It may come as a surprise to some, but high net worth (HNW) borrowers often have a more difficult time securing a mortgage than mass-market customers. These individuals can certainly afford to borrow – so what is the problem? And why aren’t lenders welcoming them with open arms?
Here, we identify the biggest challenges of high net worth borrowing, drawing on our years of experience in the industry, so you can navigate the market with ease.
- Regulatory changes
The basic principles behind 2014’s Mortgage Market Review (MMR) are very sound; any loan advanced should be affordable, and statements made by the applicant should be verified. It was, however, aimed at mainstream borrowers, and now the complex needs of HNW borrowers are not always met. Customers hoping to pop down to their bank with their passport and a payslip will find that lenders need to conduct in-depth checks to make sure you fit their criteria and, the less standard your income is, the higher the chance they’ll shy away from lending to you.
The MMR also introduced new regulation to streamline lending across the EU, requiring lenders offering foreign currency mortgages to offer a currency switch if two currencies fluctuate by more than a certain percentage. Although this saw some banks withdraw from the market, our access to lenders still offering foreign currency mortgages has not changed.
- Interest Only
In the aftermath of the financial crisis, interest only options all but disappeared as lenders withdrew their ‘riskier’ products from the market. In recent years, however, interest only mortgages have returned with a vengeance and are readily available from almost every lender.
Although this provides borrowers with the advantage of paying back less in the short-term, it can be a problem if you do not have a necessary repayment strategy in place. Interest only mortgages are generally a better choice for high net worth borrower’s compared to the mass-market, as they have significant or complex income, or high value assets (multiple properties, for example), to pay off the interest in lump sums or use assets as a repayment strategy.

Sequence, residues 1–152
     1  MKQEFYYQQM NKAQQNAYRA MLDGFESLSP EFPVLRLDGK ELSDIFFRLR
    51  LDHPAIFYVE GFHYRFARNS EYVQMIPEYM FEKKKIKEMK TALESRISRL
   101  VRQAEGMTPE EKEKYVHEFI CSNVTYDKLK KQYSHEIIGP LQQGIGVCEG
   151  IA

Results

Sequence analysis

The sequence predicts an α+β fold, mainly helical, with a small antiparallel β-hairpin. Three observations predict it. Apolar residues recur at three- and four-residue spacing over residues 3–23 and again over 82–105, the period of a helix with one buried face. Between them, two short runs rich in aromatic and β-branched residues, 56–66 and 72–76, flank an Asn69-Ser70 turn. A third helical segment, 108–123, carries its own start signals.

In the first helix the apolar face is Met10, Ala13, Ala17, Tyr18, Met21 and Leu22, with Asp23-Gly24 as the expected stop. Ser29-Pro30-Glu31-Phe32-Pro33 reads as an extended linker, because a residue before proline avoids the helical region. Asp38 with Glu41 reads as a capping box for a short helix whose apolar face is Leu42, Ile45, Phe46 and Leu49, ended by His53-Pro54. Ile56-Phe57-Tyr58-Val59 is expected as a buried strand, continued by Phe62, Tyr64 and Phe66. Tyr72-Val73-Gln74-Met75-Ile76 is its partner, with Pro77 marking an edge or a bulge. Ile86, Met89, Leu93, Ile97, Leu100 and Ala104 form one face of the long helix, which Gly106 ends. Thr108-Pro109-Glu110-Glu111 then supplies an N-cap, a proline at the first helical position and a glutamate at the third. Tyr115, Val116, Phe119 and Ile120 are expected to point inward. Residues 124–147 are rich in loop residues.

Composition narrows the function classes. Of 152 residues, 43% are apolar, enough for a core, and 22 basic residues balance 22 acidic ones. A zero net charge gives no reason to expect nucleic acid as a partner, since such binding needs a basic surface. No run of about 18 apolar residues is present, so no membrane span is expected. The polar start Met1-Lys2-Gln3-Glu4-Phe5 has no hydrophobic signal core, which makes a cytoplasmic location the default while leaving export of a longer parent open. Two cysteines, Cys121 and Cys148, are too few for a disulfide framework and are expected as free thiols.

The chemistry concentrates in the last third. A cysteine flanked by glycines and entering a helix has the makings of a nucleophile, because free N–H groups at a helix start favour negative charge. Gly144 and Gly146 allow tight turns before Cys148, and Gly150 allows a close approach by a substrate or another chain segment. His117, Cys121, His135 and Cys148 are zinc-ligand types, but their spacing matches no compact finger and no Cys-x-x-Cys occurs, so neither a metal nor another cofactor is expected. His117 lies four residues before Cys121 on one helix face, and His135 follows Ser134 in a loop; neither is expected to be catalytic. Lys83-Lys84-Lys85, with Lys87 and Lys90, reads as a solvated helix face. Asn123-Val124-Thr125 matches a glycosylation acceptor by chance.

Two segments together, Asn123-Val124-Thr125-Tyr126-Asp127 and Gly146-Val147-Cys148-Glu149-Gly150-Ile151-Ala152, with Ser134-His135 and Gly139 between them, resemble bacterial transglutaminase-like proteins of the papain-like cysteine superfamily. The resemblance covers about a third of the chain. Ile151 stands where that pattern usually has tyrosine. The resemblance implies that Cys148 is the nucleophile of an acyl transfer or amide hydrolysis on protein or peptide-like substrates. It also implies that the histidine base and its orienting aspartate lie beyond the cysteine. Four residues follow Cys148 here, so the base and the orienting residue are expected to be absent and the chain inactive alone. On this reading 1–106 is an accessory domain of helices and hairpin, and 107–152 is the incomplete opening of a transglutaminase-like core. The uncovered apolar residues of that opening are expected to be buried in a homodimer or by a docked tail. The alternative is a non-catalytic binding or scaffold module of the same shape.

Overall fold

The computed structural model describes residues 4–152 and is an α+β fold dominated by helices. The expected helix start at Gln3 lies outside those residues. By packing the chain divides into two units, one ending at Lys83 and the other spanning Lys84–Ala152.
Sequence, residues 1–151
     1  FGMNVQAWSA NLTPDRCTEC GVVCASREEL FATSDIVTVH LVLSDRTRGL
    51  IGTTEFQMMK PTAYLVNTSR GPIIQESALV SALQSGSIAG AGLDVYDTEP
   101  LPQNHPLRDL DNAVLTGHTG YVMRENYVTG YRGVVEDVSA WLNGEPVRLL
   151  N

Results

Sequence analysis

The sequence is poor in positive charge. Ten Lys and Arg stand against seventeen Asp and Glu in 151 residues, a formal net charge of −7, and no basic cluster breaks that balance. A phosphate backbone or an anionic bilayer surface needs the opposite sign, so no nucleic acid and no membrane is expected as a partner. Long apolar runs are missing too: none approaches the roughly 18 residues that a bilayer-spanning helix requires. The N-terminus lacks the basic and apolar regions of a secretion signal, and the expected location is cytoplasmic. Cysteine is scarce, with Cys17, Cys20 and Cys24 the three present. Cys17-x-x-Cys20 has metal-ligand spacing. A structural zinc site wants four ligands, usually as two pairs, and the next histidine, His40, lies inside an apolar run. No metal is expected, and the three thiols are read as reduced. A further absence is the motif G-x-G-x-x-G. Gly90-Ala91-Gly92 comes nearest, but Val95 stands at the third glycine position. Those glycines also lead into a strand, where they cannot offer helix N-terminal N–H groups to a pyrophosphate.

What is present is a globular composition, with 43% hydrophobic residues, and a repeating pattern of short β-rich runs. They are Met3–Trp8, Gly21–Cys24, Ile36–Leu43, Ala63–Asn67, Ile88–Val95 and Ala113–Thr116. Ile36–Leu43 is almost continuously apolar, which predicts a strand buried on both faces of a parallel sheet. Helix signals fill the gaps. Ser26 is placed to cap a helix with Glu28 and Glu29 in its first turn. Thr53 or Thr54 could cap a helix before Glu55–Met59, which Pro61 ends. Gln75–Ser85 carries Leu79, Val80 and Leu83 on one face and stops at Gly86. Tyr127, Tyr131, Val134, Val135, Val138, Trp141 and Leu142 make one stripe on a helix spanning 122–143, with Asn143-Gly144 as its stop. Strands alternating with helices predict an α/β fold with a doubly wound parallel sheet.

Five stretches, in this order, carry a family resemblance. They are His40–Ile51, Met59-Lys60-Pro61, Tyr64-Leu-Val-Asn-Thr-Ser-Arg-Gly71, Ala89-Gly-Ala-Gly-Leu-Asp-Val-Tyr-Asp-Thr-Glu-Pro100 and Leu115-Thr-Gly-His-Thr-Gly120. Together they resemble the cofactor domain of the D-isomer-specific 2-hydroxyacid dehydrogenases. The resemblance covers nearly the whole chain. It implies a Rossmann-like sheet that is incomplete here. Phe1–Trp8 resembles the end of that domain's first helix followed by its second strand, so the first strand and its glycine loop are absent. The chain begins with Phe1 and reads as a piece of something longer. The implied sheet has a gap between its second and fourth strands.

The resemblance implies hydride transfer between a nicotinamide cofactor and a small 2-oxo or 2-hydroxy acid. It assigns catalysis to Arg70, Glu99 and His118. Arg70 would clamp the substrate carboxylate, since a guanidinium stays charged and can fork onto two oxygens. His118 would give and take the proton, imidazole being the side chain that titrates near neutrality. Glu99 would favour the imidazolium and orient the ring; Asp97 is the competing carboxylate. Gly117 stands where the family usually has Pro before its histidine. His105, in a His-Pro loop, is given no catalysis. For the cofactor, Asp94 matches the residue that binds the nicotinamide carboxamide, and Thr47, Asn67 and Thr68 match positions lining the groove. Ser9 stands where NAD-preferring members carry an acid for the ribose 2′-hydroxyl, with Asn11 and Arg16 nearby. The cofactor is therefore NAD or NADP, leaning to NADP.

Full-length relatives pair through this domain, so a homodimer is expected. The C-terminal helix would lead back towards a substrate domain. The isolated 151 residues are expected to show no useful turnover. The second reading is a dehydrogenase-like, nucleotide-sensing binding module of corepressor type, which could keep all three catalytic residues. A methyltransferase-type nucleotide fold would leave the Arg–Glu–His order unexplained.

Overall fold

Since the MMR, older borrowers – no matter what their financial situation – have often found themselves being turned away by banks. Many lenders imposed a maximum age of 70 to 75 at the end of the mortgage term, meaning that even middle-aged borrowers applying for a term running past retirement can now struggle. It seems obvious to us that lending to a HNW individual in their later years should not necessarily be viewed as riskier than lending to someone in their 30s; and it is unfair that age is sometimes the be-all and end-all for perfectly credible borrowers.
- Access & the high street
As we have said, mainstream lenders tend to favour borrowers who fulfil certain straightforward criteria: employed, repayment mortgage, 75% loan to value or less, mortgages at four times income. For those who don’t tick those boxes, the mortgage market is fragmented and confusing. Depending on how complex your circumstances are, there may only be one lender willing to consider your application. Having access to that particular lender is therefore crucial, but not necessarily easy. They may not be on Google, or on the high street, were there are around 10 lenders on average. The average broker will have access to 30-40 organisations. At Enness, we have worked with over 140 banks, including high street, private banks, international funds and boutique outlets, and have access to every type o lender on the market.
- Lack of broker experience
It is unusual for a broker to have in-depth knowledge or experience of high net worth borrowing. More commonly, their specialities will include first time buyers or prospective borrowers with adverse credit. The mortgage market is difficult enough to navigate, but for HNW borrowers it can be incredibly frustrating. If you fall into this bracket, it is especially important to engage the right sort of broker to guide you through the maze; a broker with a huge network of lenders and connections to turn to, whose speciality is the HNW space.
The problem with high net worth borrowing in the current market lies in underwriting procedures and the risk-averse approach of lenders towards mortgages. Tightening regulation means lenders are increasingly geared towards box-ticking, and anyone whose lifestyle or income doesn’t conform to their basic criteria is off the table. Simply put, HNW borrowers are often deemed too complicated a prospect and are beyond the competence of many high street lenders. That is why it is so important to engage a good independent mortgage broker to help you navigate the market.
We believe strongly in keeping our clients as informed as possible and we hope you have found this useful. If you have any questions about this article, or high net worth borrowing in general, please do hesitate to get in touch below.